African Swine Fever
African Swine Fever (ASF) is a highly contagious viral disease of domestic and wild pigs. It is often fatal for infected pigs. There is no vaccination or cure for the disease.
ASF does not affect humans.
There is a risk of ASF being introduced to Australia in imported pig products. The disease can survive freezing and processing of pork.
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Global detections of African Swine Fever
Australia is free from ASF.
The disease has spread into South East Asia including China, Vietnam and South Korea, and mostly recently Timor-Leste. The disease is also present in parts of Africa and Europe.
For more information visit Animal Health Australia
How African Swine Fever is spread
ASF spreads through contact with:
- infected pigs, contaminated vehicles, equipment and clothing
- contaminated pork products being fed to pigs.
How you can reduce disease spread
There are a number of measures you can take to reduce the spread, including:
- Not feeding your pigs meat or meat products (this is known as swill feeding), or any food that has come into contact with meat or meat products. This is illegal in Australia.
- Not packing pork or pork products when travelling to Australia.
- Keeping up good on farm biosecurity.
- If shopping online, making sure food products that contain pork meet import conditions (some products require a permit).
Symptoms of African Swine fever in pigs
Key signs of ASF include:
- death (possibly before other signs are noticeable)
- blotching/reddening of the skin
- high fever
- lack of coordination or stiff gait
- difficulty breathing
- dysentery or diarrhoea
Humans cannot catch ASF.
How to report suspect disease
If you notice sick pigs, immediately contact one of the options below:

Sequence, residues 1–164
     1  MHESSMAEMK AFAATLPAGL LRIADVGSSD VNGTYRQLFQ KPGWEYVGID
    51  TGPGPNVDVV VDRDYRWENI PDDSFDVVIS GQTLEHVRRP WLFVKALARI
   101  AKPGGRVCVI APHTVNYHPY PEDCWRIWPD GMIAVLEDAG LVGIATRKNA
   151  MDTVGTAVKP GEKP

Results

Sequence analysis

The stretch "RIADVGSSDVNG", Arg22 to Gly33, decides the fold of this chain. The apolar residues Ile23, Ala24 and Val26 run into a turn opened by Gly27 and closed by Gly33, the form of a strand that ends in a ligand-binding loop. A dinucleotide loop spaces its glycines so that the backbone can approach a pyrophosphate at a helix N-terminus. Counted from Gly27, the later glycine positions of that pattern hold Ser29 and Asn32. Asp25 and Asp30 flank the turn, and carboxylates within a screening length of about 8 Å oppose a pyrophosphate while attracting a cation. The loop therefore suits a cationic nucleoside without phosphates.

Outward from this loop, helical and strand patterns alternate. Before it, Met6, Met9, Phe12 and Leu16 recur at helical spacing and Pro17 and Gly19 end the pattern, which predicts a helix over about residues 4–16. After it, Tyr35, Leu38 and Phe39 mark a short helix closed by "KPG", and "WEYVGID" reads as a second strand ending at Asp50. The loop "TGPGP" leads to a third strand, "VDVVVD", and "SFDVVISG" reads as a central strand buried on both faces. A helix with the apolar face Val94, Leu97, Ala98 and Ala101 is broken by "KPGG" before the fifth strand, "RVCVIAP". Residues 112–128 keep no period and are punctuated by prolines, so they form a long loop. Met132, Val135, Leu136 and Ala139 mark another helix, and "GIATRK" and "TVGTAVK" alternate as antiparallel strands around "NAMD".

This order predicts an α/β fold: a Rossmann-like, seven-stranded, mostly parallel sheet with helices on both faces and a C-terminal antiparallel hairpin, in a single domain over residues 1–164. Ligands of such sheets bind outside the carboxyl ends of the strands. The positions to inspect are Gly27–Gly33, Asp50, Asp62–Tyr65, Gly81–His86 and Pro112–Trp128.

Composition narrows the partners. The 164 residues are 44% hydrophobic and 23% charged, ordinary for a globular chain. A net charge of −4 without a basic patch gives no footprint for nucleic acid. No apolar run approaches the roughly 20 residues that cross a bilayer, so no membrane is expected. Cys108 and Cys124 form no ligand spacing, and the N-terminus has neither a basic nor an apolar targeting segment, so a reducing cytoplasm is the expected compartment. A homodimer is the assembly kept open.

- your veterinarian
- the Emergency Animal Disease Watch Hotline on 1800 675 888 (available 24 hours)
- PIRSA animal health staff.
Register your pigs
All properties with pigs – including pet pigs – require:
- a property identification code (PIC) and
- an associated Pig Brand.
If you move pigs, you must use the national tracking system, PigPass.
We use identification to manage and trace pigs in the event of a disease outbreak.
Hunting feral pigs
If you are a hunter or shooter, you can help reduce the risk posed by African swine fever by:
- reporting feral pigs to your local Natural Resources Management Board (reporting not mandatory on Kangaroo Island)
- humanely destroying feral pigs on your land. Feral pigs are serious pests and declared for destruction by landholders, under the Natural Resources Management Act
- ensuring all vehicles, clothing and equipment are washed and disinfected after hunting trips
- not leaving food scraps containing meat in the bush after hunting or camping trips
- not keeping, selling, releasing or moving feral pigs
- reporting sick and/or dead feral pigs to the Emergency Animal Disease Watch Hotline on 1800 675 888.
- Fact sheet - African swine fever ()
- Fact sheet - Feeding Pigs ()
- Information for travellers
- Hunters and shooters information
- African swine fever symptoms - English ()
- Don’t pack pork poster - English ()
- Don’t pack pork poster - Chinese ()
- Don't pack pork poster - Vietnamese ()
- Dispose of food waste responsibly flyer - English ()
- Dispose of food waste responsibly flyer - Chinese ()
- Dispose of food waste responsibly flyer - Vietnamese ()
Keep Your Pigs Healthy video
Find out how you can keep our pigs happy and healthy this Year of the Pig. Get advice, tag or tattoo your pig, don’t feed food scraps and don’t pack pork when entering Australia.
PIRSA acknowledges New South Wales Department of Primary Industries for supplying this video.